Why Microsoft's Acquisition of Skype Really Matters

David Tan
In what can only be considered a shot across the bow to its chief rival Google, Microsoft this week shelled out $8.5 billion to acquire Skype. The price tag represents the highest total Microsoft has ever paid for an acquisition, so it's pretty obvious to conclude that this was something it felt was important. Time will tell what the long-term plans for the new division will be, but it's never too early to speculate about the motives.

Microsoft already has a fairly robust VoIP platform on the business and enterprise side with its Lync platform. Since the launch last year, Lync has gained a ton of critical acclaim and a lot of market momentum. And while this is a great product line in the business space, there is really no consumer component to speak of, which is probably where Skype comes in. With the growth of its consumer side business (particularly in the Xbox space), Microsoft has had to start really paying attention to these customers in the past five years or so. Its MSN Live Messenger product was OK, but frankly it wasn't going to get it done in head-to-head showdowns with everything from FaceTime to iChat to GoogleTalk. 

By taking Skype into the fold, Microsoft has guaranteed that every Windows PC that has the MSN software installed will be able to communicate (via Skype) with every client, from Mac to Linux to every flavor of smartphone. Just being able to untangle the mess that is consumer VoIP will become a tremendous win for Microsoft in both the short term and long term.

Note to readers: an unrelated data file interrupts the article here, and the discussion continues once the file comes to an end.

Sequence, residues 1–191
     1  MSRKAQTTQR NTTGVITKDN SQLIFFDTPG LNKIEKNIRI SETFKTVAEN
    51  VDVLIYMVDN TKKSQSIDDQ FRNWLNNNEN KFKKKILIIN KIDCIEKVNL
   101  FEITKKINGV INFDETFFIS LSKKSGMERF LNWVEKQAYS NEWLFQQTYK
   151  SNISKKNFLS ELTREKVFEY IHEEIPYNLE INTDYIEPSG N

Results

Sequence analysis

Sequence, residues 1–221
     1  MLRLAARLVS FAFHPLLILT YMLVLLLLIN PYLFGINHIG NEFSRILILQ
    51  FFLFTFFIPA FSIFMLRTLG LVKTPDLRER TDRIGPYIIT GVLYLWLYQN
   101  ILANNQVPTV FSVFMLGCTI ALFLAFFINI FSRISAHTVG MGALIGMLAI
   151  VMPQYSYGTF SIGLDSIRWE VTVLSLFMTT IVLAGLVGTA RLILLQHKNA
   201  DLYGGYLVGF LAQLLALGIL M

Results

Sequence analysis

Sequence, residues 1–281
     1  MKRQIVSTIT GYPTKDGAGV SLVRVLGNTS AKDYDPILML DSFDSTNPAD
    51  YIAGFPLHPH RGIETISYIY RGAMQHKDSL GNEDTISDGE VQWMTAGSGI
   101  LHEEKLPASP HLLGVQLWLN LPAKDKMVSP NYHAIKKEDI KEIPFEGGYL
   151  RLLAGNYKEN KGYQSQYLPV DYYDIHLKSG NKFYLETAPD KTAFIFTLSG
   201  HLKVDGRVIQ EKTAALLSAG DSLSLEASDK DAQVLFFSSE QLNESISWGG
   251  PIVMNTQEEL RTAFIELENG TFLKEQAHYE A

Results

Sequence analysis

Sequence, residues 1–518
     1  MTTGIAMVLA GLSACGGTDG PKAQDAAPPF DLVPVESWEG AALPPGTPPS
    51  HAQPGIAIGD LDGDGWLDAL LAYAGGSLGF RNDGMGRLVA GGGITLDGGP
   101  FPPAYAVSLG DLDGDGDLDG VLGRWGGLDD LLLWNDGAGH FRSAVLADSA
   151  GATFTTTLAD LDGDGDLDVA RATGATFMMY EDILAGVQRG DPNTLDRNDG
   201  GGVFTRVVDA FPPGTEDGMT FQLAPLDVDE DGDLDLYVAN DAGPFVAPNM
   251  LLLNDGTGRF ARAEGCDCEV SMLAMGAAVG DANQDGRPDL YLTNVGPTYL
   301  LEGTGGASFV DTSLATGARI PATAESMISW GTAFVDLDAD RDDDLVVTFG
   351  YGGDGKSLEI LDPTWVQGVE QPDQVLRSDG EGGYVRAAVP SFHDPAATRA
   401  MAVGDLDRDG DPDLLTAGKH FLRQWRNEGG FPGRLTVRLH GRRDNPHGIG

Clearly, however, Microsoft's vision has to go deeper than that. Microsoft CEO Steve Ballmer talked at the press conference about integrating the Skype capabilities into everything from Xbox to Office, and creating a world where interactions aren't limited 'by distance or device.' Also, don't forget that Microsoft's strategic partnership with Facebook means it's likely we will see Skype integrated into that platform in the very near future. With the ability to put Skype in so many platforms that people already use, it is destined to become the communication standard in the next few years - far more than it is today.

Some will argue that Microsoft paid too much for the company. This is debatable, and the fact that it was able to use overseas cash that is difficult to invest in U.S. companies makes the price tag seem a lot more reasonable. There is no doubt other companies with deep pockets were also interested in the purchase, so this was a matter of getting the deal done before sparking some sort of a bidding war.

The acquisition instantly makes Microsoft the industry leader in consumer Web-based communications. The fact that Microsoft will be able to grow the platform instantly makes it even that much more powerful and probably signals the beginning of the end for all but the largest competitors. Once Microsoft really integrates the product into its current offerings, and eventually links up the consumer and business sides of the business, we will have a very clear leader in the communications space as a whole. I have no doubt this day will come sooner than later, and most of us will look back on this $8.5 billion as a small price to pay - as incredible as that is to imagine.
 



Add Comment      Leave a comment on this blog post
Jun 7, 2011 6:06 AM Office 2007 Office 2007  says:
I have no doubt this day will come sooner than later, and most of us will look back on this $8.5 billion as a small price to pay � as incredible as that is to imagine. Reply
Jun 30, 2011 2:06 PM Pos Pos  says:
I cannot disagree, hope this will be useful.. Reply
Jun 30, 2011 2:06 PM Pos Pos  says:
I cannot disagree, hope this will be useful.. Reply

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